Vox Pop

We Ask Women Why

They Made The Switch

To These Game-Changing Period


by Sherry Tadeja, March 01, 2019 4:51pm

Disposable Pads Are So '2000s

Vox Pop

We Ask Women Why They Made The Switch To These Game-Changing Period Products

by Sherry Tadeja, March 01, 2019 4:51pm
Disposable Pads Are So '2000s

When a woman has had her first period (or menarche), their moms, ate, or tita automatically may have handed them a sanitary napkin. Sanitary pads have served its purpose for most women, but admittedly it feels uncomfortable and unreliable, not to mention harmful to the environment since it’s made of synthetic material.

Luckily, with innovation and a greater cry for addressing women’s sanitary concerns, an increasing number of period products aside from sanitary pads are now available in the market. These products are hyped for being more effective in protecting from leakage, a lesser chance of aggravating dysmenorrhea, and more environment-friendly. If you’re still having doubts on when to switch and what product to switch to, we asked these women on how the “switch” was for them:

“Tampons are great when you already know how to use them properly. Sneeze, cough, or roll in bed, even while swimming, no worries at all. I've tried both with and without applicators and mas eco-friendly 'yung without, mas less din 'yung chance na mag-stain sa underwear kasi walang applicator na mag-drag ng blood. Never tried a cup before but I am interested,”

- Christine, 29, Pharmacist

“If tampons weren't so expensive and were readily available in the supermarket I’d go for it. I still mainly wear pads when I’m just sitting in the office or at home but when I know I’m going to be active, I use tampons just because they are much more comfortable,”

- Kim, 29, Business Development Associate

“Three years user of Diva Menstrual cup. Once you tried it, you'll never try pads again. I saw it when we went to Australia, so I bought one. It saved me a lot of money and syempre, eco-friendly. You can use a single cup for five years. No to disposables tayo dapat. You can do whatever activities you like even on your heavy days. Swimming, yoga, workout, and syempre wala pang tagos. Mahirap lang talaga siya i-insert sa first attempt. Naka-one hour ako sa toilet eh. Pero if nakuha mo na, less than five seconds, pasok sa banga! Sulit ang 1300php ko kasi three years ko na siya ginagamit. Soak mo lang sa boiling water after mo gamitin. Promise, you won't feel anything once it's inside you. Parang wala ka lang period,”

- Shiny, 28, OFW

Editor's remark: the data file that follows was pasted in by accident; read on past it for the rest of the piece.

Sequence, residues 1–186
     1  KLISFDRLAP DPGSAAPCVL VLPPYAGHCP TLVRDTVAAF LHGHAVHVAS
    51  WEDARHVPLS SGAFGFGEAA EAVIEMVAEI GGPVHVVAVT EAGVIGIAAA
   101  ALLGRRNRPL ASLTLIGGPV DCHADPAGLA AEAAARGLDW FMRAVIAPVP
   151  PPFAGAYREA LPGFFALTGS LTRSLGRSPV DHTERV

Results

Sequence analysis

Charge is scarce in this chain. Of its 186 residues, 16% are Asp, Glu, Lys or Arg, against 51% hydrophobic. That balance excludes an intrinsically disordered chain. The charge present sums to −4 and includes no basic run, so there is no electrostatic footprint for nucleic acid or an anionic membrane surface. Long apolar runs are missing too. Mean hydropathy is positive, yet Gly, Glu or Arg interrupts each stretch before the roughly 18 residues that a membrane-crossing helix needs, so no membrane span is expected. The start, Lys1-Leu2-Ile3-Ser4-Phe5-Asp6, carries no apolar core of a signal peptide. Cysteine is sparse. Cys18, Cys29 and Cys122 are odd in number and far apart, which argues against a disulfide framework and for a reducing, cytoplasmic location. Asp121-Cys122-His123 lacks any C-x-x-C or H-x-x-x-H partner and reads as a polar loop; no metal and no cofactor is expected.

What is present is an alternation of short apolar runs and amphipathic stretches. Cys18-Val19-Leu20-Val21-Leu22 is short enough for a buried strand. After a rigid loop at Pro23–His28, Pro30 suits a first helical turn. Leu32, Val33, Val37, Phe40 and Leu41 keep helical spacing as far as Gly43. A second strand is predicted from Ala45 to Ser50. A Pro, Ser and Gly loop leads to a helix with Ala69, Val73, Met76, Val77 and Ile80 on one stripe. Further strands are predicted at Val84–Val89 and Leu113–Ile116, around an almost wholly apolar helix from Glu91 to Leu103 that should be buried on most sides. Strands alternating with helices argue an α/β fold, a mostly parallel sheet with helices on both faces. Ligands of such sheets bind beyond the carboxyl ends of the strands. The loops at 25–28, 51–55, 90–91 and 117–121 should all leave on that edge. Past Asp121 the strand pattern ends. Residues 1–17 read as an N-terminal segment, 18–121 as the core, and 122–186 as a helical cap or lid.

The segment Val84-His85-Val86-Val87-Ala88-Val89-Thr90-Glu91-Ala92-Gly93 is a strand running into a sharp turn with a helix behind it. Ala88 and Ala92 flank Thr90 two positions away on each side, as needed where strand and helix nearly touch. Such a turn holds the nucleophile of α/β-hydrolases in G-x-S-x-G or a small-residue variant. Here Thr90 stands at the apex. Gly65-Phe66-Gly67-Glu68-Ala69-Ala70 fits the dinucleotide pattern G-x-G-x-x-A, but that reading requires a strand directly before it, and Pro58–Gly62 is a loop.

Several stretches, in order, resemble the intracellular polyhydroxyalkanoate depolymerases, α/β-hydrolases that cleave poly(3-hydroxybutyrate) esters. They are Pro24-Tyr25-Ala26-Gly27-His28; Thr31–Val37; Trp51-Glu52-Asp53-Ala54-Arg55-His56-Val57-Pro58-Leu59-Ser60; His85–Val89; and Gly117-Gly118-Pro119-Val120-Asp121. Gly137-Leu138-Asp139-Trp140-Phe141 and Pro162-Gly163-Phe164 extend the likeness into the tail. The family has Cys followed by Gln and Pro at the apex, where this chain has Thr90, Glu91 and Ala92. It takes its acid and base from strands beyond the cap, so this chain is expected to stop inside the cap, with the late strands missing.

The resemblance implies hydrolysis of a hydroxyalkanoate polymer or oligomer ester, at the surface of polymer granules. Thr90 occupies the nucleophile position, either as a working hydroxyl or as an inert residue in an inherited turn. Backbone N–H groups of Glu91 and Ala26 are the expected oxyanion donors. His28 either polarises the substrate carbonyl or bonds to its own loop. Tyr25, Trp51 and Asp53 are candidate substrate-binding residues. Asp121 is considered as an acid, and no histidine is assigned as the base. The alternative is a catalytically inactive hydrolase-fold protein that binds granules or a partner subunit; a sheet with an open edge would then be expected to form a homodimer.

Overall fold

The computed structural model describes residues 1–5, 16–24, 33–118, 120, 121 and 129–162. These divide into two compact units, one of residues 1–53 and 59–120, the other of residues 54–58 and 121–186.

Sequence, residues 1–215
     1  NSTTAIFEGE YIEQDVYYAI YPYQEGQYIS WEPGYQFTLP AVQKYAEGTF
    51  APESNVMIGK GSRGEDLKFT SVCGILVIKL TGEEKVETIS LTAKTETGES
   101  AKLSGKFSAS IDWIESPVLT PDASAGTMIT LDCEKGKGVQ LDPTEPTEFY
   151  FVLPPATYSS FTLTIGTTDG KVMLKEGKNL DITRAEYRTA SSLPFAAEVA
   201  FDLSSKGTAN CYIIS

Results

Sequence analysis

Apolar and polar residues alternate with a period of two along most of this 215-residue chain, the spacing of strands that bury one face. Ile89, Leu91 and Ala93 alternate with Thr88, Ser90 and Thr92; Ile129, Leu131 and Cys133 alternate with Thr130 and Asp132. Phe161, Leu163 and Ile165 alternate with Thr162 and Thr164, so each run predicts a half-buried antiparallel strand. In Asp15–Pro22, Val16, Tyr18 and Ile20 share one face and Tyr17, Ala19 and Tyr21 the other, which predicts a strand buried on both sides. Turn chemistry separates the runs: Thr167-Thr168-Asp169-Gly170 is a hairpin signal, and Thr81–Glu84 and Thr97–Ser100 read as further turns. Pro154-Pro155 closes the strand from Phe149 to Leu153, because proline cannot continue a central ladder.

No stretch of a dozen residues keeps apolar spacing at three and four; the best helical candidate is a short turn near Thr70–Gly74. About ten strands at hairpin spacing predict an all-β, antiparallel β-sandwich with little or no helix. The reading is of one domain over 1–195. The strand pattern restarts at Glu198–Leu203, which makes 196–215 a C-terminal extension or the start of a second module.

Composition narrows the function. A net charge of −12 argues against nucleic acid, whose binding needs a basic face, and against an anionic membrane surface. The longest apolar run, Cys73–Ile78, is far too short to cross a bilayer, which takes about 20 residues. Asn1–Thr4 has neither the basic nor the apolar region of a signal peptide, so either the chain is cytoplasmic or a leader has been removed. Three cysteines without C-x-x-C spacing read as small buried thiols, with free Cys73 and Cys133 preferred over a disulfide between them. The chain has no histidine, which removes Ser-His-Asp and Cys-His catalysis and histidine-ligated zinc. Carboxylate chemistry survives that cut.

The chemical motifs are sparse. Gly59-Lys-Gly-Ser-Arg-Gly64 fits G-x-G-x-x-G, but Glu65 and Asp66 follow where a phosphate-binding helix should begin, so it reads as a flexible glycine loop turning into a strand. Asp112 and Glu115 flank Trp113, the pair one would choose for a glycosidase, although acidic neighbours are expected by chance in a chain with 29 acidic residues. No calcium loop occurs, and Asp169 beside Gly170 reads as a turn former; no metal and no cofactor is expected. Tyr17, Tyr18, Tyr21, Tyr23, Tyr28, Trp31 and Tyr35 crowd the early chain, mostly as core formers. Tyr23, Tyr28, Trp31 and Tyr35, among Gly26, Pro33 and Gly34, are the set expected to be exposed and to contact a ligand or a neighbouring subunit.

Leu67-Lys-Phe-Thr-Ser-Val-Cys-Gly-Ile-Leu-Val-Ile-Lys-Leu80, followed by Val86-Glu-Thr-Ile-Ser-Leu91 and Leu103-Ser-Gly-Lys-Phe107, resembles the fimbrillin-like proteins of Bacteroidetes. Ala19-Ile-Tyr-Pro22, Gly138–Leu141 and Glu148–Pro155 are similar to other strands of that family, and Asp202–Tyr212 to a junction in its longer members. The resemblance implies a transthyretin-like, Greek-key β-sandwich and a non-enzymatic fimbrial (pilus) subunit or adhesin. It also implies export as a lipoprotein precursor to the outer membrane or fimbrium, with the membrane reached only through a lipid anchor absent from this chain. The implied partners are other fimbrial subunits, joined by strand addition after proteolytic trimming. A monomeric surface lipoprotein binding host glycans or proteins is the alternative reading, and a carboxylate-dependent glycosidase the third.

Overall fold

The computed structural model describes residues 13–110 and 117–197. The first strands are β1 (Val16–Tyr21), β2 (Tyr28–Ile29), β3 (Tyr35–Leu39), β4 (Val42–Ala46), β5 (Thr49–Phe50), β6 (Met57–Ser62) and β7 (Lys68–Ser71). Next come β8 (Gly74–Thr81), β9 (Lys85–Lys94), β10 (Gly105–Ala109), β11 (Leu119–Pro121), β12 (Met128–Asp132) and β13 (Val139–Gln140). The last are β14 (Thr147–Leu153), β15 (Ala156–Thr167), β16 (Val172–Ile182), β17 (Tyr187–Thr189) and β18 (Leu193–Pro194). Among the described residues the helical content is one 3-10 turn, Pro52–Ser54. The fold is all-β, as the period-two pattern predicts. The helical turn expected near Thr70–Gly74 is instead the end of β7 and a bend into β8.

"Cloth pad user here. I really wanted to try cup but still needing more courage. Switching to cloth pads means no more itchiness and shorter periods. I just notice na since I use cloth pads my menstruation will be 3-4 days and less pahabol days. With regular pads I have pahabol days until 7th day,"

- Carla, 31, QA Specialist

“I converted from disposable pads to cloth pads, and it worked wonders for me. I know some would say cloth pads are kind of tedious with all the washing and changes. While this could be a little true, I had less abdominal pains, itching, and irritation from all the chemicals and materials (plastic mainly). For those worried about odor, I think the disposable ones smell way worse (TMI). I find comfort in knowing I don't feed the fishes my disposable sanitary pads.

'Yung cloth pad I chose were the ones with charcoal kasi. Not sure if it's because of the adsorbent properties,”

- Dredd, 29, Analyst

“When I'm not wearing tight pants or shorts, I use period panties—parang padded panty siya. Washable and medyo weird feeling at first na you bleed through your underwear. Pero yan mismo purpose parang kang naka diaper na hindi. It doesn't bleed through, and it absorbs the blood. Pero 'pag naka-tight pants ako, feel ko magkaka-tagos ako or something,”

- Reina, 21, Working Student

With period products, there’s no such thing as a one-size-fits-all. You’ll never know what works best for you unless you try it. Investing in it is not something to be embarrassed about nor is it a waste of money (it’s your body). Also, if it means enduring red days comfortably for you (and safer for the environment), then maybe it’s time to make the switch.

Interviews have been edited for clarity and brevity.


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